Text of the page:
October brings falling leaves, ripening pumpkins, and roving raccoons. Raccoons are among the most widespread mammals of Michigan, and have adapted extremely well to life in Oakland County. These clever creatures can be found everywhere, from our farmlands and wildlands, to the city streets and suburbs of Rochester, Southfield, and Pontiac. Although raccoons are chiefly nocturnal, it’s not at all unusual to see one at dusk or in the dawn’s early light, as they prepare for winter’s approach by putting on pounds and searching for denning sites.
“The wild requires that we learn the terrain, nod to all the plants and animals and birds, ford the streams and cross the ridges, and tell a good story when we get back home.” That is perhaps my favorite quote from Gary Snyder in his celebration of the ways of nature in The Practice of the Wild(Snyder, 1990).
I have friends who revel in Snyder’s words. They share stories of wildlife encounters with excitement and joy. However, when it comes to sharing encounters with snakes, sometimes their words and phrases confirm their extreme anxieties and near-phobic horrors of even seeing a snake. These colorful days of October remind us of winter’s approach. That means, it’s time to share snake facts with a disclaimer: although I am not a herpetologist by any means, I am an unabashed partisan of these slithering creatures that often take center stage for a few weeks during the season of leaf fall. Perhaps you are too.
Oakland County woodlands, meadows, and lakes are attractive throughout the year, but take on a special aura of beauty in autumn. As shades of summer green surrender to the fiery scarlet of sassafras, glittering yellows of aspens, the reddish-orange hues of maples, and finally, the misty pale yellow of swamp-loving tamaracks, our changing patchwork of kaleidoscope-like colors against a sky of blue can almost overwhelm the human eye. If that’s not enough to lure a nature lover to our hundreds of miles of trails and thousands of acres of parks and wildlands, fantastic fruiting fungi in a rainbow of colors is also emerging along our trails.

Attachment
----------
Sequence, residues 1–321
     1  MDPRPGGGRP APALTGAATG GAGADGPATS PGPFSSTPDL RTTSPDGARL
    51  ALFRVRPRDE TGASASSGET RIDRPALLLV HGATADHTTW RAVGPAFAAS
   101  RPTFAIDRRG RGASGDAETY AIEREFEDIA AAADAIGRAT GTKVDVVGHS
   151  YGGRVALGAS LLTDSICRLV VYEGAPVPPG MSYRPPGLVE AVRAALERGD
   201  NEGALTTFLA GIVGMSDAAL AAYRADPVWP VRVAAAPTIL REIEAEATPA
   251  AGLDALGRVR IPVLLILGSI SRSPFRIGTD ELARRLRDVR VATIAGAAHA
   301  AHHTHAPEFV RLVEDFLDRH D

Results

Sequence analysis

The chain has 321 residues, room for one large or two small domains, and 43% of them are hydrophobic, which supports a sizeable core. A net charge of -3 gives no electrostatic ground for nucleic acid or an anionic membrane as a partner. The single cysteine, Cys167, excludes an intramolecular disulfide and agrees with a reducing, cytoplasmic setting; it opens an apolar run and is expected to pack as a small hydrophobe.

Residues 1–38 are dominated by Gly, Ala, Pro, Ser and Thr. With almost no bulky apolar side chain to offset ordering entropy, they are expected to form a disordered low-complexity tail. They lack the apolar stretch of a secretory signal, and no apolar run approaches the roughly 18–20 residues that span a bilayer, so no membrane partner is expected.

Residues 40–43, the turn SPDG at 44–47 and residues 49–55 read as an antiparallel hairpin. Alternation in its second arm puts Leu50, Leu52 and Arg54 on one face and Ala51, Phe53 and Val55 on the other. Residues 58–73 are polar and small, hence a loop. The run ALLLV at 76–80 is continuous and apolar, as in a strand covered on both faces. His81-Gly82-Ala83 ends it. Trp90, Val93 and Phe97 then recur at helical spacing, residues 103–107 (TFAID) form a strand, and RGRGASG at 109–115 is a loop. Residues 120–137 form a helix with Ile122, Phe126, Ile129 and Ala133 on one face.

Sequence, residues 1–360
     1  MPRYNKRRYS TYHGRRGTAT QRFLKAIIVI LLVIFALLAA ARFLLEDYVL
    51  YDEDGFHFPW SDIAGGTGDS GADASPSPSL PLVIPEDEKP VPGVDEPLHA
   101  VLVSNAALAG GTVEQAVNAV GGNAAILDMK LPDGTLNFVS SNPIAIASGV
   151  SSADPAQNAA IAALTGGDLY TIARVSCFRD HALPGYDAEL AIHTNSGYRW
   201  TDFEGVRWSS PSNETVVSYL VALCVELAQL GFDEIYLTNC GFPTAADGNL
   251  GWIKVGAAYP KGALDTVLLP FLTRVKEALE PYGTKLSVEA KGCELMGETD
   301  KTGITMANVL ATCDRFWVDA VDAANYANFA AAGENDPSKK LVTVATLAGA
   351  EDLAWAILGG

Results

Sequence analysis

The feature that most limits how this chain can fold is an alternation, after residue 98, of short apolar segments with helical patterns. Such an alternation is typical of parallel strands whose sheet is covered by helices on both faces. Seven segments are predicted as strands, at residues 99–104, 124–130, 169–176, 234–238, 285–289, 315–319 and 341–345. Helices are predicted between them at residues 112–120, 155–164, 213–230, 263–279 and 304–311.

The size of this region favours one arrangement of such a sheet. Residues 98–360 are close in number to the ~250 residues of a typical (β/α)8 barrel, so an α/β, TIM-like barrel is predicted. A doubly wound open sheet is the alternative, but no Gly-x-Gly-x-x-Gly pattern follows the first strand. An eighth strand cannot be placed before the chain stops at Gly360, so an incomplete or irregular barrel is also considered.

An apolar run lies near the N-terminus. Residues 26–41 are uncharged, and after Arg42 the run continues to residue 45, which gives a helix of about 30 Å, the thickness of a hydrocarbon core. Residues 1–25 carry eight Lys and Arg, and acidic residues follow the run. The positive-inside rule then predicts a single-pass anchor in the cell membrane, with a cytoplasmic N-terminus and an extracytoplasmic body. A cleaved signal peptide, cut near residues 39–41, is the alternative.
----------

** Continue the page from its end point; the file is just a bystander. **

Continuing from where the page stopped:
Our perception of reality when it comes to understanding wildlife behavior is often not the same as the actual reality. Sadly, that fact combined with our preconceived notions about a species often prevents us from understanding the facts as they truly are. The opossum is near the top of the list of our most misunderstood, maligned, and at times, feared creatures. In reality, opossums should be among the most loved creatures that not only share our urban, suburban, and rural habitats, but also thrive in them. They are guardians of our health and warriors against one of the most troublesome creatures in our midst, ticks.
You’d be surprised just how many everyday items are considered hazardous waste. Do you have an item you’re unsure about? View lists of accepted and non-accepted materials in the FAQ section of Advantage Oakland’s NoHaz web page, or call the NoHaz Hotline at 248-858-5656.
Separate materials in your trunk, trailer or truck bed into three types: 1) Paint 2) Electronics 3) Other household hazardous waste.*
Clearly separate items brought for disposal from other possessions in your car.
Bring acceptable materials only; liquids must be in leakproof 5-gallon containers or smaller.
Bring residential waste only, no business, institution or contractor waste.
Present your driver’s license or other proof of residency, and your ticket (either printed or on a mobile device).
Remain in your vehicle at all times.
Wear a mask when interacting with volunteers.
In 2020, residents of all member communities may participate in NoHaz Collection Events for free.Residents of non-member communities may participate in NoHaz Collection Events for a $60 fee, paid by cash or check at the event. Contact your city, village or township offices to see if another disposal program is available to you; or refer to the map to see what disposal options may be offered in your community: 2020 Program Map
By choosing to safely dispose of potentially hazardous household materials, you’re also choosing to protect your friends, family, and neighborhood from harmful chemicals and other dangers.